System 100 is an illustrated example of a home network system in which contents are sourced, either locally or remotely, to one or more rendering devices. The various devices may communicate by wired or wireless means with home network 101. One or more control devices may be present to control home network 101 or control the transfer of the content from the content source to the rendering device (which is also referred to as a renderer herein). In some instances, a control device (such as control device 105, 106) may be part of (e.g. built into) the content source or the renderer. For example, when the content is stored in a computer, such as a PC, the PC may also serve as the control device. Likewise, if a set-top circuitry is built into a television set, then the television set may both be the renderer and the control device. Thus, system 100 is shown as an example only and other systems may be used to practice the invention.
FIG. 2 is another example of a home network system 200 in which multiple home networks are present within a premise. Two home networks 201, 204 are wired while two home networks 202, 203 are wireless. The actual number and type (wired or wireless) of networks may vary from system to system. The four home networks 201-204 are inter-coupled so that in some embodiments, content may be transferred across networks. Content source 210, control device 211 and rendering device 212 are coupled to wired home network 201 by wired means. Likewise, content source 240, control device 241 and rendering device 242 are coupled to wired home network 204 by wired means. Content source 220, control device 221 and rendering device 222 are coupled to wireless home network 202 by wireless means. Likewise, content source 230, control device 231 and rendering device 232 are coupled to wireless home network 203 by wireless means. An additional content source 223 is shown also coupled to home network 202. As noted with system 100 of FIG. 1, some embodiments may not have all of the noted devices, while others may have more devices. What is to be noted is that various wired and/or wireless content source, rendering and control devices are coupled to a multi-network system.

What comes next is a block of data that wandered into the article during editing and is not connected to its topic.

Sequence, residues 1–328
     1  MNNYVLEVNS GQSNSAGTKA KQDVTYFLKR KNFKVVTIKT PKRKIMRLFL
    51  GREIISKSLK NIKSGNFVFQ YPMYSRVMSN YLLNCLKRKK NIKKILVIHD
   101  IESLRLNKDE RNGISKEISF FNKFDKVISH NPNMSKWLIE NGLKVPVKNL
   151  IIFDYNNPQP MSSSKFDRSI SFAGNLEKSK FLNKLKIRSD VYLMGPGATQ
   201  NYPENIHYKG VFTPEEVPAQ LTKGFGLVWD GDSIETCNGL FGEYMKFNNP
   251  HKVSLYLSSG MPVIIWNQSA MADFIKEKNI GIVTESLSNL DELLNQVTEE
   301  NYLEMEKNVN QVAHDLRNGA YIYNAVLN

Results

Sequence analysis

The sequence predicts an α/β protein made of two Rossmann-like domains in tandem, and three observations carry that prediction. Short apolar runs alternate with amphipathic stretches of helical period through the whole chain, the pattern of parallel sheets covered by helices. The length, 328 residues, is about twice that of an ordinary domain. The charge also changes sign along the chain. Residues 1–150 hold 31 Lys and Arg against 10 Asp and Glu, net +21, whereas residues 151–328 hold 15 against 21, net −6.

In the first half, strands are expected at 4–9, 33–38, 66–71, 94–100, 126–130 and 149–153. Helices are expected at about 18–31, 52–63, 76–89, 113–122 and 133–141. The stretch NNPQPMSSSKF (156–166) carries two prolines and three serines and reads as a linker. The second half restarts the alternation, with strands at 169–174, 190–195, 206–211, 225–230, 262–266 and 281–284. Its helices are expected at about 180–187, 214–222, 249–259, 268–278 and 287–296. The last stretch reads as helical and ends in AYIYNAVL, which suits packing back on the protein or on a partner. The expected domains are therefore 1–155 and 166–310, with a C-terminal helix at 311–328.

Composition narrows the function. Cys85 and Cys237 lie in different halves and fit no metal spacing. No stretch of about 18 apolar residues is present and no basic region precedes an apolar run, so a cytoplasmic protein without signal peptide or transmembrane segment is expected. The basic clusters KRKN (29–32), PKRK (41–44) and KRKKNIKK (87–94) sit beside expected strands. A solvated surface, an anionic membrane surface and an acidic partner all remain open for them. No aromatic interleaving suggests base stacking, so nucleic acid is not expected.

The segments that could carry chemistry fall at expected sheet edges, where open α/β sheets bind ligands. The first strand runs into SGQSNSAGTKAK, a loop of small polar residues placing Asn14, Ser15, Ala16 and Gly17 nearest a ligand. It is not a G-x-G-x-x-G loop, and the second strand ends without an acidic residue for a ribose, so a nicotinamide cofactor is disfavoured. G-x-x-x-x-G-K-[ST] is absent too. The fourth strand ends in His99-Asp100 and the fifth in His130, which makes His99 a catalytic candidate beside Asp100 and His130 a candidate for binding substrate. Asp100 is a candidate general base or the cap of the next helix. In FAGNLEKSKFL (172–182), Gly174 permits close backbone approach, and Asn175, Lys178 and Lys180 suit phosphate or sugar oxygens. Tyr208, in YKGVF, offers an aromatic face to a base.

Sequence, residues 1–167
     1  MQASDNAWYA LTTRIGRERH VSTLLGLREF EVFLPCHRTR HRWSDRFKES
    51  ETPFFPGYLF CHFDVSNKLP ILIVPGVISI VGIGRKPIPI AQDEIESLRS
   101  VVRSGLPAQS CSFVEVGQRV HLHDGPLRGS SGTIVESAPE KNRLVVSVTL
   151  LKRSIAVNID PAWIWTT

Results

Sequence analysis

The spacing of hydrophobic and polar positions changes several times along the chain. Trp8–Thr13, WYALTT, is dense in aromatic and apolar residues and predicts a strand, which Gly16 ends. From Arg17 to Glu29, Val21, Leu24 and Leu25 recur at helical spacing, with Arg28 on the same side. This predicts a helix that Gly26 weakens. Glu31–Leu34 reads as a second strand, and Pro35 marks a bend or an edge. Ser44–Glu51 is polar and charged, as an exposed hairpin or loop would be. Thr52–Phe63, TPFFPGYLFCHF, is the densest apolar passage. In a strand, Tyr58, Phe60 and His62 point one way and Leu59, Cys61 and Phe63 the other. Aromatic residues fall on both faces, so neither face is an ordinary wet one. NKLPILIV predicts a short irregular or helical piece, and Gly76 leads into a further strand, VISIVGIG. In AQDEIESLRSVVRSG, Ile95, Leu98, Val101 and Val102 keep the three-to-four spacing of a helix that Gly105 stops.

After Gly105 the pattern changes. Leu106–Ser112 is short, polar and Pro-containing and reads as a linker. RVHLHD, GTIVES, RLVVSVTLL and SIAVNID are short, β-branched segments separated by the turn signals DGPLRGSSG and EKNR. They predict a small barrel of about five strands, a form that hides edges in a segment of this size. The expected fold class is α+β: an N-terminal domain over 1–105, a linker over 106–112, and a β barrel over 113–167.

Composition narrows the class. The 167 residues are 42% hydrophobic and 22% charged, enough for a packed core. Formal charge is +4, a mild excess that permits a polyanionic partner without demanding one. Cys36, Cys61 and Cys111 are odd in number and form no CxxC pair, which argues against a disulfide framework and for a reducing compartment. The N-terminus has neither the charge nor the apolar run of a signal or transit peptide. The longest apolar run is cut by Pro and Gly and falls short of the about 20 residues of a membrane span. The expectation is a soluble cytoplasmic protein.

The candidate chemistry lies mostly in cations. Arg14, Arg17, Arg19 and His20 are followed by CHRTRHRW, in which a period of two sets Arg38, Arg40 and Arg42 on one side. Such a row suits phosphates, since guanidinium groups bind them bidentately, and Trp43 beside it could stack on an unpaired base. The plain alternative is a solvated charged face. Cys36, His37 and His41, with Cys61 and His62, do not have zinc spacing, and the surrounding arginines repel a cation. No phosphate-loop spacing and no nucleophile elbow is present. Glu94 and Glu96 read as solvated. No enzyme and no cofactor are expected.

The various devices that are coupled to the networks 201-204 operate equivalent to the respective devices noted for system 100 in FIG. 1. Thus, each content source 210, 220, 223, 230, 240 represents a remote content source, local content source, or both local and remote (as noted in FIG. 1). Content source 223 is shown having multiple antennas to indicate that multiple-input, multiple-output (MIMO) communication protocol may be used as well for wireless communications. The wired and/or wireless networks may be of the same platform or may be of different platforms. For example, in one embodiment, wired home network 201 may be a wired local area network (LAN), such as an Ethernet network, that allows computers to be coupled to various peripheral device; wireless home network 202 may be a Wi-Fi network within a premise, such as Wi-Fi that implements 802.11 a/b/g protocol or the 802.11n MIMO protocol; wireless home network 203 may be a Bluetooth® or Blue-Fi network; and wired home network 204 may be a wired telephone network, a coaxial cable network (such as the afore-mentioned MoCA), optical network or a powerline network (such as the HomeGrid connectivity) that distributes audio, video and/or multimedia signals. In these instances, devices of corresponding platforms are coupled to a respective home network 201-204. Again, other embodiments may have different networks and connectivity. What is to be noted is that devices of different platforms may be coupled to corresponding networks and the networks are interoperably coupled together to operate as a home system. It is to be noted that some devices may have the capability to operate within more than one network. For example, a laptop or notebook computer may be coupled to various corresponding network by a wired LAN or coaxial connection, as well as having Wi-FI capability to connect wirelessly. The notebook computer may also have Bluetooth capability as well.